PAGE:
[0835] In some embodiments, when interrogating a single lattice vector via RF and laser excitation, the sidelobe responses from nearby lattice vectors will be present. The signals from these sidelobes may cause inter-lattice vector interference, resulting in corruption of the desired measurement. The SMAC technique may see lower sidelobe levels (and thus less inter-lattice vector interference) than those from regular Ramsey measurements. For regular Ramsey measurements, different lattice vectors have potentially different optimal pulse width & tau values, based on the RF polarization, laser polarization, and gradient of the bias magnetic field. Because of this discrepancy, applying the optimal pulse width and tau settings for one lattice vector may cause the nearby lattice vectors' responses to be lower than if they were interrogated at their respective optimal values. In some embodiments, for the SMAC technique, this reduction of the nearby lattice vector's responses can become even more pronounced. Not only are there different optimal pulsewidth and tau settings for the first Ramsey set, but there may be also potentially different optimal pulse width and tau settings for the second, inverted Ramsey set. This second Ramsey set discrepancy provides potential for even more reduction in neighboring lattice vectors' responses when using the optimal settings for the lattice vector of interest.

[0836] Ramsey pulse sequence is a pulsed RF laser scheme that is believed to measure the free precession of the magnetic moment in the magneto-optical defect material 320 of FIGS. 3A-3B with defect centers, and is a technique that quantum mechanically prepares and samples the electron spin state. FIG. 96 is an example of a schematic diagram illustrating the Ramsey pulse sequence using a SMAC pair for the two pulse sequences. Several pulse sequences are shown. As shown in FIG. 96, a Ramsey pulse sequence includes optical excitation pulses (e.g., from a laser) and RF excitation pulses over a five-step period. In a first step, a first optical excitation pulse is applied to the system to optically pump electrons into the ground state (i.e., ms = 0 spin state). This is followed by a first RF excitation pulse (in the form of, for example, a pulse width / 2 (pwi/2) microwave (MW)). The first RF excitation pulse may set the system into superposition of the ms = 0 and ms = +1 spin states (or, alternatively, the ms = 0 and ms = -1 spin states, depending on the choice of resonance location). During a period 2, the spins are allowed to freely precess (and dephase) over a time period referred to as tau (τι). During this free precession time period, the system measures the local magnetic field and serves as a coherent integration. Next, a second RF excitation pulse (in the form of, for example, a MW pwi/2 pulse) is applied to project the system back to the ms = 0 and ms = +1 basis. Finally, a second optical pulse is applied to optically sample the system and a measurement basis is obtained by detecting the fluorescence intensity.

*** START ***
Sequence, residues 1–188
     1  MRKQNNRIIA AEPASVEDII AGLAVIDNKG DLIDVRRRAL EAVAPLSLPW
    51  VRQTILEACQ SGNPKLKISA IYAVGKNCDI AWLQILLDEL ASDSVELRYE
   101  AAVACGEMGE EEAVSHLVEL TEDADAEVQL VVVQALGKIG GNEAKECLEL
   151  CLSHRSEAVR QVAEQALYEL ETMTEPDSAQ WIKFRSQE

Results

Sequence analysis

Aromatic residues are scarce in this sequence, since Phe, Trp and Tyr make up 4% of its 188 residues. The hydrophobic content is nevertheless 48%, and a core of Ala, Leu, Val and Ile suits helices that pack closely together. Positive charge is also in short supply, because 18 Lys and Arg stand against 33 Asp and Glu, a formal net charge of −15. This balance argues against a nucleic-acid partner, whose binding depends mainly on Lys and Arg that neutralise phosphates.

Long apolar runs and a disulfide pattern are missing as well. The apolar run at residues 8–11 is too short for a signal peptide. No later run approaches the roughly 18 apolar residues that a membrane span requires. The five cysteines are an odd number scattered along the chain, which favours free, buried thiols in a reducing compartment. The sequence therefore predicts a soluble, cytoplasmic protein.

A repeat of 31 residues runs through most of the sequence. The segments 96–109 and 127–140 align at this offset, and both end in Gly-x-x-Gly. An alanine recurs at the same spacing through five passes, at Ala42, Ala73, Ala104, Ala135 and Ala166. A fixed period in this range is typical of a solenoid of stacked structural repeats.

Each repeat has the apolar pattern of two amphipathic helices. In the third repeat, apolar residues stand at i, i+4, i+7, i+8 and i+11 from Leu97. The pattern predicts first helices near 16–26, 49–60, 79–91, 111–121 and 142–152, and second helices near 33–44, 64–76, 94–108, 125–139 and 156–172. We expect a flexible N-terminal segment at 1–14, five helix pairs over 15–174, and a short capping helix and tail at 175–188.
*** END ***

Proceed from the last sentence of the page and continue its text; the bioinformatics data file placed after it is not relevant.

[0837] Continuing with FIG. 96, to create a SMAC pair, a second Ramsey pulse sequence includes a third optical excitation pulse applied to the system to optically pump electrons into the ground state (i.e., ms = 0 spin state). This is followed by a third RF excitation pulse (in the form of, for example, a second MW pulse width / 2 (pw2/2) ). The third RF excitation pulse may again set the system into superposition of the ms = 0 and ms = +1 spin states (or, alternatively, the ms = 0 and ms = -1 spin states, depending on the choice of resonance location). The spins are allowed to freely precess (and dephase) over a time period referred to as tau22). During this free precession time period, the system measures the local magnetic field and serves as a coherent integration. Next, a fourth RF excitation pulse (in the form of, for example, a MW pw2/2 pulse) is applied to project the system back to the ms = 0 and ms = +1 basis. Finally, a fourth optical pulse is applied to optically sample the system and a measurement basis is obtained by detecting the fluorescence intensity of the system. FIG. 96 depicts the pulse sequences continuing with another sequence with pwi.